As discussed before, given an active circuit with any types of controlled sources and I/O-ports, the final circuit becomes a nullor circuit when all active devices and I/O-ports are nullor modeled. Such a nullor circuit consists of only passive components and nullors. So, by nullor modeling we can turn the analysis of any active circuit to the analysis of its equivalent nullor circuit, which includes finding the circuit transfer functions. This is a significant achievement; for example, by nullor modeling of active circuits there is no need for two (I and V) graph representation of circuits, nor there is any requirement for 2-tree partitioning of circuit trees, typically used in the computation of cofactors to write the circuit transfer functions [11] [12] [13] [14] . Some examples may clarify the procedure.

Example 1—Consider a two stages nMOS amplifier N with the AC equivalent shown in Figure 5(a). The mall signal circuit model is also shown in Figure 5(b) with R5 = Ra||Rb. As seen, the amplifier contains two controlled sources of VCCS type with the trans-admittances g1 and g2, and an I/O-ports of VIVO type. To apply the STP operations on N we first construct the graph representations of the circuit in two forms. One for just the amplifier without the I/O-ports, shown in Figure 5(c), and the other one with the I/O-ports included, shown in Figure 5(d). This means we are going to have two STPs, one for the graph in Figure 5(c) and one for the graph in Figure 5(d).

There are several points to notice here. First, as discussed in sub-section 3, the STP extracted from Figure 5(c), denoted by To, represents the determinant of the NAM of N, whereas, that extracted from Figure 5(d), denoted by T21, which is the cofactor-21 of the NAM of N. Secondly, the pair of I/O-ports, which is of VIVO type, is modeled by an e nullor with the coefficient value e3 = 1. Also notice that, in contrast to g1 and g2 nullors, the removal of e3 nullor makes the input port short circuited. Finally, the amplifier gain is found as Av = V2/V1 = T21/To.

Figure 5. (a) The AC equivalent of a two stage MOS amplifier with the values assigned: R1 = 1 KOhm, R2 = 1 KOhm, R3 = 10 KOhms, R4 = 2 KOhms, and R5 = 50 KOhms, R5 = Ra||Rb. (b) The graph representation of the amplifier. (c) The graph representation of the amplifier when the I/O-ports is augmented with a nullor e type.

Now that we have turned an active circuit to a nullor circuit equivalence, we need to know how we can apply the STP to nullor graph, both to the main graph, depicted in Figure 5(c), and the augmented graph for T21, depicted in Figure 5(d). This will provide us with the NAM determinant and the specific cofactor of the NAM. The procedure we are applying here is the AM technique [8] [10] .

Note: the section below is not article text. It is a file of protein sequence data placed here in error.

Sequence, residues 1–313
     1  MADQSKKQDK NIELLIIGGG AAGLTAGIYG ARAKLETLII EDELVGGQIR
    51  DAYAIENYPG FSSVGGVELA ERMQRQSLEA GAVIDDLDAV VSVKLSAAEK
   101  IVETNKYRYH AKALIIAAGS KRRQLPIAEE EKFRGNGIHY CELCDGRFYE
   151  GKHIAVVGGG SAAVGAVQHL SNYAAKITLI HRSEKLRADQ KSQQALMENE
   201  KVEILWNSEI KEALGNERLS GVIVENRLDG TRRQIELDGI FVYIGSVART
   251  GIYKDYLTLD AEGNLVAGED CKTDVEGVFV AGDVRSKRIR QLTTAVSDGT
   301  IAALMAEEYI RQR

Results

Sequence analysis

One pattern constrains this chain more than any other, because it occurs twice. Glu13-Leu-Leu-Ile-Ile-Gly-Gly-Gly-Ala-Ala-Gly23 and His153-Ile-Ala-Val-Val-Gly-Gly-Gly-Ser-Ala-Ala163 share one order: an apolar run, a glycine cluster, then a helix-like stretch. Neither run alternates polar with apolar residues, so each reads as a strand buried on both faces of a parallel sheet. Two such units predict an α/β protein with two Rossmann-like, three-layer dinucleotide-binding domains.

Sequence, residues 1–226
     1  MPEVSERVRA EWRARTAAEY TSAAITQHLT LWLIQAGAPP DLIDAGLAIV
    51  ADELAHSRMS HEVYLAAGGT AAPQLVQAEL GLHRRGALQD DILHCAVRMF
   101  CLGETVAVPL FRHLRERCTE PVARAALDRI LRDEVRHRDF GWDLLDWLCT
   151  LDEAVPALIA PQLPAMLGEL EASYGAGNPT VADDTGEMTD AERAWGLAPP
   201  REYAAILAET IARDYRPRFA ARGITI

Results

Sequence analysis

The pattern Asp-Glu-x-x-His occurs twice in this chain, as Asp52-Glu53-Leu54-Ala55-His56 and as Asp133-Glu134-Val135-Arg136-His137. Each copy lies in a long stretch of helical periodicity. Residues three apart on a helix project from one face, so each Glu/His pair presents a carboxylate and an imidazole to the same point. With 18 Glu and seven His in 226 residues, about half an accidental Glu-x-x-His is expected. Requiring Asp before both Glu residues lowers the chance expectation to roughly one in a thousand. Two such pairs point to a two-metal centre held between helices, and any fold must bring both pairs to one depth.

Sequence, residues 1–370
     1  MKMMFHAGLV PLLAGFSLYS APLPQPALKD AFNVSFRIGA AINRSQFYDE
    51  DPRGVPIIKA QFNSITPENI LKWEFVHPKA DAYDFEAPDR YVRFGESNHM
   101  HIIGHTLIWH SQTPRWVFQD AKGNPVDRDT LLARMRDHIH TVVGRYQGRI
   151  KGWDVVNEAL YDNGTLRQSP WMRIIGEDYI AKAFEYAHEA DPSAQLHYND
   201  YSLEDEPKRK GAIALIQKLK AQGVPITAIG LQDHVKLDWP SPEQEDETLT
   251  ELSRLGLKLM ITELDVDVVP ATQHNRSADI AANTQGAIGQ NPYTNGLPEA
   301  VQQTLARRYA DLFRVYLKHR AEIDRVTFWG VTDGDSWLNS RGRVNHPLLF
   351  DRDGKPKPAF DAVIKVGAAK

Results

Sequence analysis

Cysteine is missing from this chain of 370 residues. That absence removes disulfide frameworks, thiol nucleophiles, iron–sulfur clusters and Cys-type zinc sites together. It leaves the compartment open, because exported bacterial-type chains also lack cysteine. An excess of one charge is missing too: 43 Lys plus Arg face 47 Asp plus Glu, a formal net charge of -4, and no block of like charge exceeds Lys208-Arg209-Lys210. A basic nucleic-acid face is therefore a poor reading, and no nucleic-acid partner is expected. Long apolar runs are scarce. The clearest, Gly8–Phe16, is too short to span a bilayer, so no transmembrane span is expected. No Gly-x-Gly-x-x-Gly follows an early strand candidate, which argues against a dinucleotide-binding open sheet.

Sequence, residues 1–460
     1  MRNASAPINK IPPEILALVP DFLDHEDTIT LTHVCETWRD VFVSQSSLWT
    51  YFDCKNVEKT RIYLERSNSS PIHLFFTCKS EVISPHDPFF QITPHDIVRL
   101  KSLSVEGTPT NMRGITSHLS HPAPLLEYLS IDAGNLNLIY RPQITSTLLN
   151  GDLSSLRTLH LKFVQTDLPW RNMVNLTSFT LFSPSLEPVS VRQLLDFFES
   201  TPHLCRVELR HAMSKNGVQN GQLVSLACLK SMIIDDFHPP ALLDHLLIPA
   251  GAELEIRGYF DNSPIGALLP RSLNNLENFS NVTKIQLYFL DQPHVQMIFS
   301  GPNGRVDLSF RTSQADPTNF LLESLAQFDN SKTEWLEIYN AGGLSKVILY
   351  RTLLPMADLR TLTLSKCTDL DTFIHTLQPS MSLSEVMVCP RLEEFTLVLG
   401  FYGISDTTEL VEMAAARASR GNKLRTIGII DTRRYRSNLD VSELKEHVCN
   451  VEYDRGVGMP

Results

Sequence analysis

3. Admittance Method for Nullor Circuits

3.1. Sub-Circuit Generations from an Active Circuit

Here we compute the STP of an active (nullor) circuit through AM procedure, but before explaining the procedure we need to produce the sub-circuits from the main circuit. These sub-circuits are collectively constructing the STP of the main circuit. To start with, let us assume a circuit transfer function, such as the voltage gain of Example 1, Av = V2/V1 = T21/To. In case we desire to find the gain in symbolic format, with respect to the active devices and the I/O-ports, we need to write each STP, To and T21, in symbolic format. For this example, we have two controlled sources g1, g2 and the I/O-ports specified by e3 assigned. So, for example, take the graph in Figure 5(d), and call it N21, with the STP = T21 expanded as

T 21 = T O + g 1 T 1 + g 2 T 2 + e 3 T 3 + g 1 g 2 T 12 + g 1 e 3 T 13 + g 2 e 3 T 23 + g 1 g 2 e 3 T 123 (1)

Apparently, we can assume that Tij…m is the STP of a sub-circuit Nij…m, for all i, j, , and m, constructed from N21 when the active devices (and I/O-ports), i, j, , and m, are present and replace with nullors, and the rest of the active devices (nullors) are removed from N21. Therefore, for a circuit N21 with n active devices there are going to be q = 2^n sub-circuits generated.

For the proof, let us assume that, for Example 1, all three nullors g1, g2, and e3, are present in the circuit. We then realize that T21 approaches g1g3e3T123 as all g1, g2, and e3 grow large. On the other hand, when this happens, we can simply ignore the rest of the controlled sources (nullors) and remove them from the circuit. The result, therefore, is N123, a sub-circuit of N21. Hence, referring to (1) we must then generate q numbers of sub-circuits from the main circuit N21. What it means is the following.

The process of computing the final STP of N21 is going to be in two stages. In the first stage we get the q number of sub-circuits Nij…m from the original circuit N21. Notice that Nij…m is a nullor circuit, i.e., all active devices, including the I/O-ports, are replaced with nullors and the coefficient multipliers are kept separately. In the second stage each subcircuit Nij…m is analyzed and its STP, Tij…m, is calculated. The final STP for N21 is subsequently given by (1). So, basically, our task now is to find the STPs for the sub-circuits Nij…m.